Welcome to Oktober!
I shall be celebrating the 31 days that contribute to this month by posting each day photos, poems and short stories under the banner of Visions of the Third Eye.
Hear! Hear! To the month that brings us cooler weather, rain, longer nights, colorful leaves and things of the unseen world.
As always, thanks for reading!
I have been dead twice. When I was two, whooping-cough claimed me the first time. The second, it was a heart attack. I have seen the face of my Creator, twice. (That is a whole different story…) And with each death, you see a bit more each time past the veil. Because of this, I know weird. As a small child, you do not discuss those things you see with anyone. When you get older, you recognize that light in others.
If you have a smidgen of what I simply call, The Gift, you know when weird is getting ready to happen. I have lovely moss that grows along my red brick sidewalk in the deep shade that is close to the front porch. Clive the crow has been coming by every afternoon at tea time and starts rooting through the moss, tossing it everywhere. Apparently he is completely oblivious to me as I watch him search through the miniscule golf greens that I have set up for my moor teufels.
“Do you mind?” I asked Clive after the third day. “I have to sweep the sidewalk after each one of your little forays and my small but very neat moss bed looks like it has been driven through with a four by four truck.”
His head came up as he tried to toss a clump of the vibrant green onto the frog that was serenading m in my small water feature and turning to me he replied, “You are getting ready to be picked through. Be mindful. He is a charmer and he likes older, plump women.”
Yes, I am older and plumper and I am immune to charmers. Be that as it may, weird happens at my house but this is the first time a crow has had a ready come back for the many questions I toss their way. Who me? Rattled? Never! I just see this as an opportunity. “As a rule,” I began politely, “and I know all rules are meant to be broken,” I bowed my head to him and he bowed in return, “I generally do not have crows answer me back in the Queen’s English when I address them.”
“That is on you,” he cawed. “Consider this fair warning,” those black eyes stared into mine, his head cocked to one side, the set of his wings announcing his soon-to-be departure. “Your light shines. Maybe you want to consider hiding it under a bushel basket or extinguishing it for a bit and a bit.”
“Great,” I mumbled as he took flight, calling to his many friends and family members as they circled over head and then like a black whirlwind, spun up into the clouds, “a crow that speaks in parables.”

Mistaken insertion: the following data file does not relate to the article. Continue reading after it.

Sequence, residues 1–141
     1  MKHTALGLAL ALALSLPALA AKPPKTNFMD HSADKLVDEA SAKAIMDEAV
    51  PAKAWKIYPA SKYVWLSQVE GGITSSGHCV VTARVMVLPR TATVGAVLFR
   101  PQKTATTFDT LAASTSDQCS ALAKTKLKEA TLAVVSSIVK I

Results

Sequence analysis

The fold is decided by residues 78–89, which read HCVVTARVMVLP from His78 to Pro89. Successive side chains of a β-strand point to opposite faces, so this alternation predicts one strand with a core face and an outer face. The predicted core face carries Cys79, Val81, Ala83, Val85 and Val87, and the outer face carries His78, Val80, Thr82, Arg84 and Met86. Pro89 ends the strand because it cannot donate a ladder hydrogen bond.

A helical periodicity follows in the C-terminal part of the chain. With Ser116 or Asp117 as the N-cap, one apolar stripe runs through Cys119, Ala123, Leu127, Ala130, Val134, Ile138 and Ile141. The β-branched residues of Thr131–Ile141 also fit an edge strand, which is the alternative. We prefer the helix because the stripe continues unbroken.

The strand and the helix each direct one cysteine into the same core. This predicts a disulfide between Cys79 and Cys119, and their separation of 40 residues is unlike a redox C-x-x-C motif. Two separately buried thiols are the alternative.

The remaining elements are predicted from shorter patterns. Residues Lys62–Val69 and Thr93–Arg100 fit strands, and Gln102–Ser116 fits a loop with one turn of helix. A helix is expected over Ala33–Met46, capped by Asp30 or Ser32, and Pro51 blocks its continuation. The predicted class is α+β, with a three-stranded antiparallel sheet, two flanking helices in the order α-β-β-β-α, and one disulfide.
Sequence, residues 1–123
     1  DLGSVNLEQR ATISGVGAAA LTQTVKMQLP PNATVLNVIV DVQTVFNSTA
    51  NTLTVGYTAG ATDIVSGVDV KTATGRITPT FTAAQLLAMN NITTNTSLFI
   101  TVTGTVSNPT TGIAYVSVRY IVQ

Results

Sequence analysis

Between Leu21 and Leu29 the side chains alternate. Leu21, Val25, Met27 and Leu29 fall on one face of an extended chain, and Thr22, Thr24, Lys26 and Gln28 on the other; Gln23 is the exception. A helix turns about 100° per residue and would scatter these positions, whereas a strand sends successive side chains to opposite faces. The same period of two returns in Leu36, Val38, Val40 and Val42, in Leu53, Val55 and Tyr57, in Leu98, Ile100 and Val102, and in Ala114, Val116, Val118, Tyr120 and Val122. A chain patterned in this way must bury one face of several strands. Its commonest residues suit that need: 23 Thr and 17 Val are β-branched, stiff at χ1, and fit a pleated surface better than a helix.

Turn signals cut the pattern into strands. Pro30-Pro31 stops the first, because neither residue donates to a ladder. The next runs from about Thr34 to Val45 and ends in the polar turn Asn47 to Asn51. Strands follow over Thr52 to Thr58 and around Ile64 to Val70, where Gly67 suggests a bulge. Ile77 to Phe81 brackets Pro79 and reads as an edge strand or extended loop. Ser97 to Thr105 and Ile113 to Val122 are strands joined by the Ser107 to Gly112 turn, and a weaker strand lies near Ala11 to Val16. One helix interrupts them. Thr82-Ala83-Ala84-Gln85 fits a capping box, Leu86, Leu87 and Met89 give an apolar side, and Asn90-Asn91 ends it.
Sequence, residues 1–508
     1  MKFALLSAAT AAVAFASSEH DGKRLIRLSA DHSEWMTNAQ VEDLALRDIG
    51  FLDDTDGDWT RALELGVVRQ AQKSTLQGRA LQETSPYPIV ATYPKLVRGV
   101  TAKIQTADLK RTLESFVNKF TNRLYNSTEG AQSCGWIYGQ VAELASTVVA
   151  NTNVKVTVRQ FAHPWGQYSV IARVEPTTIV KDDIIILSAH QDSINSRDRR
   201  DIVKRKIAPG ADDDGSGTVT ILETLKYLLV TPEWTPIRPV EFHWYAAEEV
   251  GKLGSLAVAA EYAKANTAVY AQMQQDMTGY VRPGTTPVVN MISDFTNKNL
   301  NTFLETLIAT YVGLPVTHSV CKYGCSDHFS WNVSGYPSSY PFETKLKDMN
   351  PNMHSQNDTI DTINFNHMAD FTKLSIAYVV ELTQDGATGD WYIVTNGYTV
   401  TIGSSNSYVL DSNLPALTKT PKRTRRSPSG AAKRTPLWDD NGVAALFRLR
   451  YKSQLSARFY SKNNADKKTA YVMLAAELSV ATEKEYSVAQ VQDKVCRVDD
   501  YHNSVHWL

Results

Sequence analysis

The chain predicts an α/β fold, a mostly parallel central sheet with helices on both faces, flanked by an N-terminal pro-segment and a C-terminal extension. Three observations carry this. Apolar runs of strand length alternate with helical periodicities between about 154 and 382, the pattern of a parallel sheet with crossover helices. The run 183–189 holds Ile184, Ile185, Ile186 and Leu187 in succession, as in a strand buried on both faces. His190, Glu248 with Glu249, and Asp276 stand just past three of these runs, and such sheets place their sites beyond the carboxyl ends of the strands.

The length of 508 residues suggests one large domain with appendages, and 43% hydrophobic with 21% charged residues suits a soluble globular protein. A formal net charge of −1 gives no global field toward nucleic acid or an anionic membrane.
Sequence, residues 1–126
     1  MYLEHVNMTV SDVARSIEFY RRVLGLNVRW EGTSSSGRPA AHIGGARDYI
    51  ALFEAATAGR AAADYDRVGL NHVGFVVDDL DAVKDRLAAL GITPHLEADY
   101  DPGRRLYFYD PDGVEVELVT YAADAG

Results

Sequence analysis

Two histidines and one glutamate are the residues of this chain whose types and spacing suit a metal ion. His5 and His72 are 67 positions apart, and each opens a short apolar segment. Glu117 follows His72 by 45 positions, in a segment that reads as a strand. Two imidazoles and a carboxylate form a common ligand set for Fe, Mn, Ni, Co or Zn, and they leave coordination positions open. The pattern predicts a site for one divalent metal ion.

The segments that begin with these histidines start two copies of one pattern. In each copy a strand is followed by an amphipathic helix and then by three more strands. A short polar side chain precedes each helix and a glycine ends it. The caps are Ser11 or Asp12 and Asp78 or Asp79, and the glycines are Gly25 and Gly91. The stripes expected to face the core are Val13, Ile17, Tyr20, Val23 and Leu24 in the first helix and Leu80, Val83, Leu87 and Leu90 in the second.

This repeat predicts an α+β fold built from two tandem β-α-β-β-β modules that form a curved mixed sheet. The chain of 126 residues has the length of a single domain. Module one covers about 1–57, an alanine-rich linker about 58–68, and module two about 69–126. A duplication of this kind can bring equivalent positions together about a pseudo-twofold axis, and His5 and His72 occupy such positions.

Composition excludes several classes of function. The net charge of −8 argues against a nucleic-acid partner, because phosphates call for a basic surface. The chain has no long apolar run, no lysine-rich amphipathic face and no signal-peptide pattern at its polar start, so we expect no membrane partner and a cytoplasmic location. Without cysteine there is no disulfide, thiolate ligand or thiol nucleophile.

Watching the black ribbon dissolve into the sky, a hideous searing pain tore through my lower left side. That’s when I thought perhaps I had been shot. And if I had been, the one who pulled the trigger, I would not consider this person charming or even a good neighbor as I clutched my side and screamed.
My last rational thought was that I remember sitting outside waving at the neighbors as they passed by walking their Great Dane, Thor, and their All American Mutt, Washington. Clutching my lower abdomen and bellowing, I fell over into the herb garden, my fall broken by the rosemary that had over grown its space and I had not cut back. Lesson learned: Always put off until tomorrow what you should do today. The rosemary kept my face out of the dirt.
There were loud voices and I remember the heady smell of rosemary as I was lifted onto a table with wheels. I thought as I laughed out loud, “Was I dinner?”
Passing my line of sight, the leaves overhead were a perfect shade of fire engine red and a lovely burst of orange and burgundy. Never had I seen a sky so blue. Crayon blue with lovely white horsetail clouds that galloped through the atmosphere, my heart racing right along with them. I thought maybe I had a china pattern with those colors but I could not remember at the moment.
There were quieter voices and there was the sacred wail of sirens demanding all to give way. As we headed out, I realized that the children were home from school and I hoped that Dottie’s new baby would not wake up from her afternoon nap with all the noise.
Pain affirms life, while enduring it, wishing for death.
The thing about pain is that every bounce hurts, to include my chattering teeth, which sounds like death’s bones knocking together and announcing meal time.
We arrived…then out I came, a frozen dinner, or so I thought. If I was going to be pilfered through, their fingers were going to get frostbite!
Emergency Rooms are busy places filled with life…that hangs in the balance. And sometimes they represent the dead. And they do that very well, also. Still, quiet, the breath of life pushed out of them. No movement and for a missing heart beat, the Winged Skull rules the halls. But I must be alive because needles are being pushed into my arms.